In 2006, Machine-to-Machine Intelligence (M2Mi) Corp started work with NASA to develop automated machine to machine intelligence. Automated machine to machine intelligence enables a wide variety of mechanisms including wired or wireless tools, sensors, devices, server computers, robots, spacecraft and grid systems to communicate and exchange information efficiently.

In 2009, AT&T and Jasper Technologies, Inc. entered into an agreement to support the creation of machine to machine devices jointly. They have stated that they will be trying to drive further connectivity between consumer electronics and machine to machine wireless networks, which would create a boost in speed and overall power of such devices. 2009 also saw the introduction of real-time management of GSM and CDMA network services for machine to machine applications with the launch of the PRiSMPro™ Platform from machine to machine network provider KORE Telematics. The platform focused on making multi-network management a critical component for efficiency improvements and cost-savings in machine to machine device and network usage.

Also in 2009, Wyless Group introduced PORTHOS™, its multi-operator, multi-application, device agnostic Open Data Management Platform. The company introduced a new industry definition, Global Network Enabler, comprising customer-facing platform management of networks, devices and applications.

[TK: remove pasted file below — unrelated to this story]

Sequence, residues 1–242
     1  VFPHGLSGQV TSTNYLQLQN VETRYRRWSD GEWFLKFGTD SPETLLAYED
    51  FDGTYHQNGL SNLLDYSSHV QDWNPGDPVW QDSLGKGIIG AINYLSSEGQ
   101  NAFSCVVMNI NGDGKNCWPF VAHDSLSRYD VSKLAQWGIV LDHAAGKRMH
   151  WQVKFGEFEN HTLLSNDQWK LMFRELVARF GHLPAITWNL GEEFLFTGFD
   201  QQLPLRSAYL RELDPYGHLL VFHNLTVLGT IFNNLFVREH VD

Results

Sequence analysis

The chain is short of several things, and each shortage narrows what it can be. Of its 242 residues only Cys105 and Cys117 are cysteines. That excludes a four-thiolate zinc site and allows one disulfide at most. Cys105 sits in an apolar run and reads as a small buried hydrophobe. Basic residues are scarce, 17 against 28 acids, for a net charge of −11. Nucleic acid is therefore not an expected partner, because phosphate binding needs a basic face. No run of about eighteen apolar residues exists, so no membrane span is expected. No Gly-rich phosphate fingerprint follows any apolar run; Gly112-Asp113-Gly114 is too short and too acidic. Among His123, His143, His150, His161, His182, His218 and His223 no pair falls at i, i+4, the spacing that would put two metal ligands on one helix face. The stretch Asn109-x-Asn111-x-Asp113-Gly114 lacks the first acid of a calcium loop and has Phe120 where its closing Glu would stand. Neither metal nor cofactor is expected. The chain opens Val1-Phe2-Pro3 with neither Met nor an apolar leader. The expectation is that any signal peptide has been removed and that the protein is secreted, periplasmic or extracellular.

Also in 2009, the Norwegian incumbent Telenor concluded ten years of machine to machine research by setting up two entities serving the upper (services) and lower (connectivity) parts of the value-chain. Telenor Connexion in Sweden draws on Vodafone’s former research capabilities in subsidiary Europolitan and is in Europe’s market for services across such typical markets as logistics, fleet management, car safety, healthcare, and smart metering of electricity consumption. Telenor Objects has a similar role supplying connectivity to machine to machine networks across Europe. In the UK, Business MVNO Abica, commenced trials with Telehealth and Telecare applications which required secure data transit via Private APN and HSPA+/4G LTE connectivity with static IP address.

In the 2010s

In early 2010 in the U.S., AT&T, KPN, Rogers, Telcel / America Movil and Jasper Technologies, Inc. began to work together in the creation of a machine to machine site, which will serve as a hub for developers in the field of machine to machine communication electronics. In January 2011, Aeris Communications, Inc. announced that it is providing machine to machine telematics services for Hyundai Motor Corporation. Partnerships like these make it easier, faster and more cost-efficient for businesses to use machine to machine. In June 2010, mobile messaging operator Tyntec announced the availability of its high-reliability SMS services for M2M applications.